Bat Signal

Issue 171 – “The Menace of the Giant Birds”



Hello everyone, and welcome back for a new installment of Bat Signal, my never-ending mission to read every issue of Detective Comics ever written, in random order, and with basically no context. And, as you can tell from the cover above, it’s time to talk about the continuing misadventures of Oswald Cobblepot, the Penguin. Which, has often led to some very bizarre stories. Because, it seems like it took quite a while for the creators of Batman to figure out what the Penguin’s deal was. He juggled a whole bunch of bizarre gimmicks, and almost every issue I’ve covered with him in it has ended up focusing on a completely different obsession. And, sadly that cover isn’t going to be giving us any hints, with this absurd tableau of Batman protecting a woman from a jet-pack wearing Penguin. And, weirdly, the title of the issue doesn’t do us many favors either, since this story doesn’t end up feeling like a bad B-Movie I would have seen on Mystery Science Theater 3000, which is what it sounds like it would be. So, let’s dive in and figure out what this weird story is actually about.

The issue begins with The Penguin being released from prison, getting a stern warning not to commit any more “bird-crimes.” Penguin promises that he’s going to stay on the straight and narrow, using his vast knowledge of birds to accomplish a worthy goal. he then heads out and finds his old crew, getting them all set up for his latest scheme. And, as you might have guessed, Bruce Wayne and Dick Grayson are pretty suspicious of the Penguin, and immediately start following his post-prison life, trying to figure out what he’s up to. But, they’re pretty thrown off when several weeks pass and all the Penguin does is open a large new bird sanctuary in town, with lots of rare birds, gigantic replicas of birds, and equally gigantic birdhouses and nests. We also begin a trend in this issue where they seem to refer to bats as a type of bird, which is absurd since we all know bats are bugs. It’s all very strange, and the Dynamic Duo end up attending the sanctuary, ready to figure out what’s actually going on.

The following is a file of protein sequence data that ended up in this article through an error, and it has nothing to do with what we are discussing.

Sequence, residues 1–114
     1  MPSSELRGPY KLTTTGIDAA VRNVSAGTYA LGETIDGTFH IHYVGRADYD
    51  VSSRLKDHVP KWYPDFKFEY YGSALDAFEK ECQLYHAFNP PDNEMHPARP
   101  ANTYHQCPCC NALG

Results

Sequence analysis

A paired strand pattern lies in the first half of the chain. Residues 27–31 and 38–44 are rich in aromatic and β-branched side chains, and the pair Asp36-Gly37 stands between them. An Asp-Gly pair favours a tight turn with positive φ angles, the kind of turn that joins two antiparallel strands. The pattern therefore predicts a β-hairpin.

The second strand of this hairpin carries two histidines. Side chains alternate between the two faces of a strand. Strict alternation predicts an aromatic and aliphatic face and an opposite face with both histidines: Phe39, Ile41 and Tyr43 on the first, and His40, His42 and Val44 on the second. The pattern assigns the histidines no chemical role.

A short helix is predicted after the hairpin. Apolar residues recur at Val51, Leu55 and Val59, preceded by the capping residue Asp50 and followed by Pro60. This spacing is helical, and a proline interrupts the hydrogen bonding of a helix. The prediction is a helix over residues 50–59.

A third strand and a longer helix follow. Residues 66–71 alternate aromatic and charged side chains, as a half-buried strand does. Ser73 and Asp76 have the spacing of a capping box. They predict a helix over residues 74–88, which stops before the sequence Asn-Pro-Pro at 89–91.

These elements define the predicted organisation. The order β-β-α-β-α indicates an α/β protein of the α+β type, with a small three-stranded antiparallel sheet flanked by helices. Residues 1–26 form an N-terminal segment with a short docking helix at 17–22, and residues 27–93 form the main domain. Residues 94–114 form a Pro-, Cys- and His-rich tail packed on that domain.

Batman and Robin find that Penguin is claiming to have gone straight, but their past experiences with this fine feathered fink have given them quite a bit of doubt. So, they begin following Penguin as he goes about his day. And, almost immediately, they see him enter a bank. So, logically, Batman runs into the bank and tackles the little man, assuming he’s going to rob the place. But, weirdly, he’s doing just the opposite, returning money to the bank he stole in a previous robbery, along with a gift. It really confuses Batman and Robin, and despite the Penguin’s insistence that he’s really and truly left his criminal life behind, they keep following him. And, once again, they’re led to the Penguin entering a jewelry store, which he locks as he enters. So, the Dynamic Duo break in, assault the Penguin again, and again learn that he’s here returning something, rather than stealing anything.

And, so it goes. They spend the entire day following Penguin as he travels around town, returning various things that he’s stolen over his life of crime. But, Batman and Robin can’t shake the feeling that something is wrong. So, they sneak into Penguin’s bird sanctuary that night, and hide inside one of the giant birdhouses, waiting to spy on the Penguin and his men. And, in the middle of the night they watch as the Penguin and his men get into a car and speed off into Gotham. So, they give chase, and end up running the Penguin’s car off the road as soon as he tosses a package into a store. But, once again, it turns out to be the Penguin returning something stolen. Which, makes them look like a bunch of idiots, once again.